He further reiterated the fact that through NEP-2020, the concept of teacher would be re-established in India. He also cited an example of Finland where the teacher is the only VIP in the country. However, this is not the case in India. So now with the NEP-2020, the teachers need to be better prepared for conducting the courses. Resources for the same like where to teach and when to teach would be provided. Teachers will also not be burdened with the administrative tasks. Sayings of Mahatma Gandhi, Swami Vivekananda, etc have eternal value and education must be rooted in these values. India has a continuity of culture, where we are committed to generating new knowledge. All the three fundamentals of learning: Gyan, Buddhi and Vivek have been taken care of in this policy. The teacher has a great responsibility to ensure that a child learns. This policy will bring about that required change. Gandhi ji stressed on understanding the child through five universal values of truth, love, honesty, humility and forbearance. These values have been adopted in NEP-2020 and shall dominate the learning process where teachers will transform themselves into learning teachers.

Dr. Gupta thanked Prof. J. S. Rajput for reiterating the importance of value based education and the role of the teacher in the same. He next invited panellist Prof. T. V. Kattimani, Vice Chancellor of the Central Tribal University in Andhra Pradesh at Vizianagaram. He was a member of the Drafting Committee of the New Education Policy 2020.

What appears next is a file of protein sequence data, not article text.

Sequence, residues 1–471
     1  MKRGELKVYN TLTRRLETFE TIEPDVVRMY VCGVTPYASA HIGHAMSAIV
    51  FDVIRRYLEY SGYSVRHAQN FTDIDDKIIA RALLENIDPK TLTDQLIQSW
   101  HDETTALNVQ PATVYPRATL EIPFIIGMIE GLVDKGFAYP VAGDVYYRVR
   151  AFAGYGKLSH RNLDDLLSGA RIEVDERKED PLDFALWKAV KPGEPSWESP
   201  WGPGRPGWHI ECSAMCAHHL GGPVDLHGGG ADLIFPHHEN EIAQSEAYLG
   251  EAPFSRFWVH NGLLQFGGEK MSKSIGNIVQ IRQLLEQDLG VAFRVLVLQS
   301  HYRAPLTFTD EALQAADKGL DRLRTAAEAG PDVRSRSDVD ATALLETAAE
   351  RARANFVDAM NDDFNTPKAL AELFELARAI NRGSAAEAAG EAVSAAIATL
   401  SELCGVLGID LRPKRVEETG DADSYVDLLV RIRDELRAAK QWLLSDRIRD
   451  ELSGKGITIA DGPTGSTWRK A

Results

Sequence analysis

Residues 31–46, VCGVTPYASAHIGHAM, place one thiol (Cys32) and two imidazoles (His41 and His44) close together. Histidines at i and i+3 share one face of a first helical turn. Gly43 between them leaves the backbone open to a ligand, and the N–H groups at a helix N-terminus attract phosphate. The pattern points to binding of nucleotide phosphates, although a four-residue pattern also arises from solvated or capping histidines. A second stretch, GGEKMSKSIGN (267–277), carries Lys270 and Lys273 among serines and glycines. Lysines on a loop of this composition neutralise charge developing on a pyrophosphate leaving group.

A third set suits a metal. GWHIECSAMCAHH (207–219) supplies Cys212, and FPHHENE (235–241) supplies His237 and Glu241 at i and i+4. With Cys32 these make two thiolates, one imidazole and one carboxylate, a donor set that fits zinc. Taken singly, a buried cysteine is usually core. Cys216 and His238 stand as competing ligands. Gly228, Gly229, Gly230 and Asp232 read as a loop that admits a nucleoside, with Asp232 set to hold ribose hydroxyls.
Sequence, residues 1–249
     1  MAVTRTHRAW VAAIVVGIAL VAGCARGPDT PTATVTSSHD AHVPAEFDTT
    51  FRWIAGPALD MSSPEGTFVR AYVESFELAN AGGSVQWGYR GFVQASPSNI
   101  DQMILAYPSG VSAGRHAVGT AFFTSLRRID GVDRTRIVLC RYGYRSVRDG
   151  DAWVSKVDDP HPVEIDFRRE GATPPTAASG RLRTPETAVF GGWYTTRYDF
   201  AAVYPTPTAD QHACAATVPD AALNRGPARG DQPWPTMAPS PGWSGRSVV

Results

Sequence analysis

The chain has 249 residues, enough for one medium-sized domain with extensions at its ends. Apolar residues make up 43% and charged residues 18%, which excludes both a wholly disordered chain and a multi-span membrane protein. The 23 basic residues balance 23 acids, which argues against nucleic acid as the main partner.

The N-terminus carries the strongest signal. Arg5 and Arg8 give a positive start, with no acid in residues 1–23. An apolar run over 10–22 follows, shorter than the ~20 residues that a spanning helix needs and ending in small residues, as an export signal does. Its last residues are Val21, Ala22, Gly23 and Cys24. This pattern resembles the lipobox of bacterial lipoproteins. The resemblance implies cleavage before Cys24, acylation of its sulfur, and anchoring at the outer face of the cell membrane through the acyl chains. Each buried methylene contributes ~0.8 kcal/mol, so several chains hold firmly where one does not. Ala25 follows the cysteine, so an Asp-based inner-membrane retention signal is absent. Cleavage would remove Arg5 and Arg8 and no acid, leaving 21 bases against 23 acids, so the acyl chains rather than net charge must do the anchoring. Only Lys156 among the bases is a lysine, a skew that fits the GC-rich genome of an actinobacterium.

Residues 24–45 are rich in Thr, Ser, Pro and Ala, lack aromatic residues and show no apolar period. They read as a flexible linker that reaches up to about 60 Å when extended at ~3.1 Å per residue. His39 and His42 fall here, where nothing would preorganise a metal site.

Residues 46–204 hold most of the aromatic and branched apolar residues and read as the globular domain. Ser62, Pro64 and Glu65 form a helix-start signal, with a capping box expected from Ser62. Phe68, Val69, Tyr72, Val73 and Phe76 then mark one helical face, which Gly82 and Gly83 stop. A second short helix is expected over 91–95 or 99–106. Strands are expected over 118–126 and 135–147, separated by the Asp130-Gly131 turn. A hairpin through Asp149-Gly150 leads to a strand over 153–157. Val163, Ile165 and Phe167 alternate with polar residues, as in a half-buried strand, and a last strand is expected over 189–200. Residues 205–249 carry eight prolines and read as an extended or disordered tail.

He highlighted that the NEP-2020 had a straight strategy on nation building with the best education available where knowledge acquisition and work should go together. According to him, a student should learn something to earn something was the fundamental idea to support our villages, towns and cities. After completion of their degree, the student should be able to return to their habitat and support their family. This would inspire students to make a future in any industry of choice and change the societal hierarchy by instilling dignity in wanting to become a carpenter, an agriculturist, etc. This would also evolve the concept of home industries and even teachers will now think differently. The teacher would now become a lifelong learner or continuous learner through introduction of flexible knowledge system. The NEP-2020 also speaks about the knowledge systems and practices still alive in rural India and tribal India. So we must be ready to accept that all these are parts of our knowledge systems. It is only then that our research takes a right start and our future generations are strengthened.